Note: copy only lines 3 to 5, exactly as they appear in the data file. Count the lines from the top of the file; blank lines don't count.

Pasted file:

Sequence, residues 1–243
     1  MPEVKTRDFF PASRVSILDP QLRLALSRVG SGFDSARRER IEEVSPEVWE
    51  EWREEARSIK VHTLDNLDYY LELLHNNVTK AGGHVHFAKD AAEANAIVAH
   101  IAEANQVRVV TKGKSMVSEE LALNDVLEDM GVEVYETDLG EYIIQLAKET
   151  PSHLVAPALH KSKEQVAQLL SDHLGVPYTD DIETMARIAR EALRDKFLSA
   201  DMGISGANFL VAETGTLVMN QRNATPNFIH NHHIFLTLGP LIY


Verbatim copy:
    51  EWREEARSIK VHTLDNLDYY LELLHNNVTK AGGHVHFAKD AAEANAIVAH
   101  IAEANQVRVV TKGKSMVSEE LALNDVLEDM GVEVYETDLG EYIIQLAKET
   151  PSHLVAPALH KSKEQVAQLL SDHLGVPYTD DIETMARIAR EALRDKFLSA